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Old 19th March 2006, 11:47 AM   #1
Your friendly local necromancer
Join Date: Mar 2006
Location: Te Awamutu, New Zealand
Posts: 100
New Zealand Text Bullying

The day before school started this year, 12-year-old Alex from Putaruru died. The exact circumstances have not been publicised but the death has been linked to ruthless text bullying she was subjected to. Alex's mother Deanne Teka went public with the story to help raise awareness of this worrying problem.

My own daughter regularly tells me about text bullying amongst teenagers. It's rampant.

I don't understand why it has taken so long for anyone to care about this. It seems that there is no real control of cellphones at school and no recourse for victims. I feel that a task force needs to be set up to look at solutions. People who text bully should be dealt with immediately and severely. Perhaps we need to go so far as licence cellphones or keep a list of offenders who are not permitted to operate one.

A bit drastic? Let's put it in perspective: A 12-year-old girl is dead and she's not the first - two others have died in the same town in the last year under similar cirumstances - I think that's drastic. When kids are dying we need to take serious action.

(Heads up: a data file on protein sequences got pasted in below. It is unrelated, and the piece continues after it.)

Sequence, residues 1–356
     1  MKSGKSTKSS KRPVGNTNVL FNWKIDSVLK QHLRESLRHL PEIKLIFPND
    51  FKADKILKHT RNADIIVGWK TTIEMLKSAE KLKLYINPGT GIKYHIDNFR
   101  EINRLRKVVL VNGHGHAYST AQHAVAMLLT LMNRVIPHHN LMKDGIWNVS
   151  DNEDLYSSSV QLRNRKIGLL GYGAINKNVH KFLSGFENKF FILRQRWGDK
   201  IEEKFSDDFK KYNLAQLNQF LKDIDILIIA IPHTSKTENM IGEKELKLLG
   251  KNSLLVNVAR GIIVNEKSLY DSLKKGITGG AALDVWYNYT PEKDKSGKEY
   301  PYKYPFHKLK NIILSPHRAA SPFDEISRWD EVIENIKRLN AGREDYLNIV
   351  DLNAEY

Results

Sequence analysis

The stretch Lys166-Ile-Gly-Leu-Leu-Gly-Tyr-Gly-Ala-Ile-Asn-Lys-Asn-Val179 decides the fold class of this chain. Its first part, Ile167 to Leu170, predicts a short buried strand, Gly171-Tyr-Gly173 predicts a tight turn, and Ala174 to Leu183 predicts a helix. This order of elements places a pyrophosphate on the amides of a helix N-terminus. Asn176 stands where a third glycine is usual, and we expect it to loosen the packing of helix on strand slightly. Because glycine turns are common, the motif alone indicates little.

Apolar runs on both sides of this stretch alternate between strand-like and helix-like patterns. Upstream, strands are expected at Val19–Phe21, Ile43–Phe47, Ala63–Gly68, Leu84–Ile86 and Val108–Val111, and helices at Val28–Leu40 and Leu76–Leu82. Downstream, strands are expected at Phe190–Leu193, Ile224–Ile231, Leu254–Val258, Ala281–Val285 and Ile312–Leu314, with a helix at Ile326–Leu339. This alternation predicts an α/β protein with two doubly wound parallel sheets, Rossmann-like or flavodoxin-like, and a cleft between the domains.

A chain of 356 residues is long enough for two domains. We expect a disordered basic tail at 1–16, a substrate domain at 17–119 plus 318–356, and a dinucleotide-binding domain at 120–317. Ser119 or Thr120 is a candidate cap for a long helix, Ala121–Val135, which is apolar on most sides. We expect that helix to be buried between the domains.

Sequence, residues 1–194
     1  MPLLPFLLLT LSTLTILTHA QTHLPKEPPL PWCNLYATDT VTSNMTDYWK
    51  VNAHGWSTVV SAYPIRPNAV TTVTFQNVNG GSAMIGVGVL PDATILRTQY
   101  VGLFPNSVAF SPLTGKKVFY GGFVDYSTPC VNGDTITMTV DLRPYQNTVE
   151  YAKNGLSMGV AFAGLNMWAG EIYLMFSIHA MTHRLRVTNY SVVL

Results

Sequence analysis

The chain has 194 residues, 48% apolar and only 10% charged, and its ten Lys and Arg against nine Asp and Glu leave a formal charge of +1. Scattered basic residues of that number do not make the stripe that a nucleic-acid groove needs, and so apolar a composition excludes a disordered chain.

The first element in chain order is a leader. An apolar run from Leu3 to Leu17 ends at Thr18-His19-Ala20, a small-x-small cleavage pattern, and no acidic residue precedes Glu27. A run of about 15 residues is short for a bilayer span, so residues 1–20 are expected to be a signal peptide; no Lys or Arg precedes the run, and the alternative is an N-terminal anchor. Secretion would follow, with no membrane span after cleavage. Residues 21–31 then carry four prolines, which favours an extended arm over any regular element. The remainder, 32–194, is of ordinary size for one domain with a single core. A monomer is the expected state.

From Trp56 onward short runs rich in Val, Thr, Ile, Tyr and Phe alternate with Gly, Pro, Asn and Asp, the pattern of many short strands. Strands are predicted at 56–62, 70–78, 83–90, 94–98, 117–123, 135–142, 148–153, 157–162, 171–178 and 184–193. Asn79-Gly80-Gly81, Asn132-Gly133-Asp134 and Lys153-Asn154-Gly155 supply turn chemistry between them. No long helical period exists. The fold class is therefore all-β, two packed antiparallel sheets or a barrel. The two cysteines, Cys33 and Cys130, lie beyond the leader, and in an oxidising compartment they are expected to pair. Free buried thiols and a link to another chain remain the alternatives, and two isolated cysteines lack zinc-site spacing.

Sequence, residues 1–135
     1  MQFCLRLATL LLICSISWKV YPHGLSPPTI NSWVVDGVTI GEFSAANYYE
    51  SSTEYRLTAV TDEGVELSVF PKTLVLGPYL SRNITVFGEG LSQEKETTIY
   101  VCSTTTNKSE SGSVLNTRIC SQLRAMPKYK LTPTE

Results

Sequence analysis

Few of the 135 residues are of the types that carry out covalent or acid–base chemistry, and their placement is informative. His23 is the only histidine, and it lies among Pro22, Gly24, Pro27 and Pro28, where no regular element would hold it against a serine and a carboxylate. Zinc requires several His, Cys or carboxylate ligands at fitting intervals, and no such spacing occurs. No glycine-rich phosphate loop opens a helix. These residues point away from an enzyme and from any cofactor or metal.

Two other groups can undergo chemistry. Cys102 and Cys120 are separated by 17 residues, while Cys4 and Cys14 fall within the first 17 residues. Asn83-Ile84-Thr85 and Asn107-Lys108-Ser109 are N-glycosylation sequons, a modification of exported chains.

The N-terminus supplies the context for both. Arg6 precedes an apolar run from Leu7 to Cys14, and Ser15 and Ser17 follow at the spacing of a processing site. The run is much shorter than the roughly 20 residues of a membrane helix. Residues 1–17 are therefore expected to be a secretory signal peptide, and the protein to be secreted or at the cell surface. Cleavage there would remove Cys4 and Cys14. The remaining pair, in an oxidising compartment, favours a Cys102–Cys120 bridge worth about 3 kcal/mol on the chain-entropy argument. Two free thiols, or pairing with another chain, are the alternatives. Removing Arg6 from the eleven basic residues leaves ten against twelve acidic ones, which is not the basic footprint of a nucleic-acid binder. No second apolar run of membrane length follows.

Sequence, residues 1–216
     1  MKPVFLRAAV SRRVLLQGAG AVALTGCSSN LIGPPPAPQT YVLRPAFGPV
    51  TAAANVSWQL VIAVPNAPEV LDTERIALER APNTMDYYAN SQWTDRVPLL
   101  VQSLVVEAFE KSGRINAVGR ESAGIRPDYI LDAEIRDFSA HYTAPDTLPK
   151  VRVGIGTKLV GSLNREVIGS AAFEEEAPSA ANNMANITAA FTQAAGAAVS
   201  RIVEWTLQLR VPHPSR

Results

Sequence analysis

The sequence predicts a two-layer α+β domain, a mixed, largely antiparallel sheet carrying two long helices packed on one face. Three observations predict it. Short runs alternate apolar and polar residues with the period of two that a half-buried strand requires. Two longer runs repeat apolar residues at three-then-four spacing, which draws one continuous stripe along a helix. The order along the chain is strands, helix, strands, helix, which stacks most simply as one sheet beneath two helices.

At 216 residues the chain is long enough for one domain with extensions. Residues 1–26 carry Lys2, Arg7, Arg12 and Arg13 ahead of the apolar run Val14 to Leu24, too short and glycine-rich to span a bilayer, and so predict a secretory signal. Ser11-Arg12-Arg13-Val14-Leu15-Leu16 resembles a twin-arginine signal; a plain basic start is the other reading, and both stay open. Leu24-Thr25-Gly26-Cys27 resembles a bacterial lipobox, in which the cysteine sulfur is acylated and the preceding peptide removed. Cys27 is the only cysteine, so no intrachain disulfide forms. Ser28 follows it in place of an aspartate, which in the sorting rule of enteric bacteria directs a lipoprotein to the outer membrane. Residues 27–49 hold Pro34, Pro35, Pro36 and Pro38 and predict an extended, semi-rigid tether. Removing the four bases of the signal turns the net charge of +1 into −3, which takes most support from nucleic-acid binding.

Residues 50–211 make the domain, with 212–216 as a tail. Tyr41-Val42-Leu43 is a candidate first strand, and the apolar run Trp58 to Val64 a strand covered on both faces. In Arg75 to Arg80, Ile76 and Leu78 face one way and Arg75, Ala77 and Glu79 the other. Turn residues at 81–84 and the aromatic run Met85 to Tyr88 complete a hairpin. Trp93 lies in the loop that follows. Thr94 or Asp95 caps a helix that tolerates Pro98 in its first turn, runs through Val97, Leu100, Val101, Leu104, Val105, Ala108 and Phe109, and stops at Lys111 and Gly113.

If the telephone companies had any sense of responsibility they would be getting more involved with this. Text bullying has been around for a number of years so they do know about it. To be fair, Telecom and Vodafone have some bullying advice on their websites, but it's not much more than a token gesture IMO.

These companies sell a product which is wide open to abuse, specifically targetted at the very market which is most likely to abuse it (young people). Although only a small percentage of users abuse texting, you could argue the same about drugs - only a small number of users are abusers but we punish the suppliers badly.

I don't think we should treat Telecom like drug dealers but at the same time, they are the ones making a lot of money out of texting. We know that texting has a nasty effect on a small number of people so those profitting from the product should be expected to financially contribute to the solution.

Similar rules apply to other companies, for example, the TAB is required to contribute to programs which help fight problem gambling. The same should apply to any company that profits from products which have negative consequences in society.
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